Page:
Feb. 16 @ 9pm - Rick Springfield “Stripped Down”
Grammy award-winning musician, actor and bestselling author, Rick Springfield brings his
“Stripped Down” concert to KEDT Public Television. Known for his hit song “Jesse’s Girl” and his acting career on General Hospital, Springfield’s new concert performance includes music, storytelling and a question and answer session with audience. Tune in to learn how you can support KEDT and receive tickets for an upcoming local concert by Rick Springfield.
Feb. 17 @ 8pm – The Italian Americans (series)
Trace the evolution of Italian Americans from the late 19th century to today, with Tony Bennett, David Chase, John Turturro, Congresswoman Nancy Pelosi, Gay Talese and more. Once “outsiders” viewed with suspicion and mistrust, Italian Americans are today some of the most prominent leaders of U.S. business, politics and the arts. The series peels away myths and stereotypes to reveal a world uniquely Italian and uniquely American. Stanley Tucci narrates.
Feb. 22 @ 8pm – Downton Abbey: Season 5 (series continues)
Someone tries to derail Rose and Atticus’ happiness. Mrs. Patmore gets a surprise. Anna is in trouble. Robert has a revelation.
Feb. 25 @ 7pm – Nature: The Last Orangutan Eden
Ecologist Chris Morgan (“Bears of the Last Frontier”) travels to the jungles of Northern Sumatra to document the efforts to save its wild orangutan population, which is quickly dwindling due to deforestation. Morgan spends time with orphaned orangs at rehabilitation centers observing the process of teaching them the survival skills they’ll need to be released back into the wild. He also travels to a peat swamp forest known as Suaq Balimbing in a protected area and part of a World Heritage Site. Working with a team of experienced researchers, he becomes immersed in a unique social band of wild orangs that use tools, share food, forage together and create their own distinct culture. Advanced cameras follow the orangs throughout the canopy to provide an intimate, clear picture of how these arboreal apes spend their days and nights and interact with one another.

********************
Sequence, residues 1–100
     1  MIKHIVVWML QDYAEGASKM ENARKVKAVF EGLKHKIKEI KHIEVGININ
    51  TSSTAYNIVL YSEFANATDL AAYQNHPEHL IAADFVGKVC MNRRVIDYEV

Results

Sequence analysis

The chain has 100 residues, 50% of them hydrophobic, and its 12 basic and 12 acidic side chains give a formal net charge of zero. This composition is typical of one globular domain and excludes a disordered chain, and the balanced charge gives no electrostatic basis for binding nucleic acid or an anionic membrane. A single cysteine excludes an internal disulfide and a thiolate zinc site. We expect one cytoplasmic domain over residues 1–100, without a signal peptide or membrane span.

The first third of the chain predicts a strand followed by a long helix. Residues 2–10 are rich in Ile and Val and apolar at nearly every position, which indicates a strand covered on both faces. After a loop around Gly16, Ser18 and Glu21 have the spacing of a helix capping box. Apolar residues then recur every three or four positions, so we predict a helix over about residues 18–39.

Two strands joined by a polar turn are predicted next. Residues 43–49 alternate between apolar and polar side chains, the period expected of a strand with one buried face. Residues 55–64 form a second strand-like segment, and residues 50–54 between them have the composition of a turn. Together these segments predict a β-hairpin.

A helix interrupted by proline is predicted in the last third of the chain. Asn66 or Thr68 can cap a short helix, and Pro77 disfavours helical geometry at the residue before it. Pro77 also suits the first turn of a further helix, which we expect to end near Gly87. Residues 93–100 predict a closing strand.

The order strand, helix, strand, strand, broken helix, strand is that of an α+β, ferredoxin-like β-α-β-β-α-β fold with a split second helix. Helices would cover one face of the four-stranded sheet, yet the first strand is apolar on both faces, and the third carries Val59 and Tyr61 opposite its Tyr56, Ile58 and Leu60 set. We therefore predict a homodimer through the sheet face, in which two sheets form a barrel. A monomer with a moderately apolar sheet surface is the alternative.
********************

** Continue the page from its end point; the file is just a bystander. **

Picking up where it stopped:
Feb. 27 @ 8pm – Great Performances: La Dolce Vita: The Music of the Italian Cinema
Dawning in the dark aftermath of World War II, the fertile mid-century decades of Italian cinema delighted international movie audiences with an eclectic mix of movie classics from groundbreaking directors including Frederico Fellini, Franco Zeffirelli, Sergio Leone and others. And a major component of Italian cinema’s enduring popularity continues to be a lush selection of sweeping film scores by composers like Nino Rota and Ennio Morricone. Featuring Josh Groban, Renée Fleming and Joshua Bell, GREAT PERFORMANCES partners with the New York Philharmonic and music director Alan Gilbert for a romantic concert of audience favorites with music from 8½, Amarcord, Once Upon a Time in the West, Cinema Paradiso, Life Is Beautiful, Il Postino and more.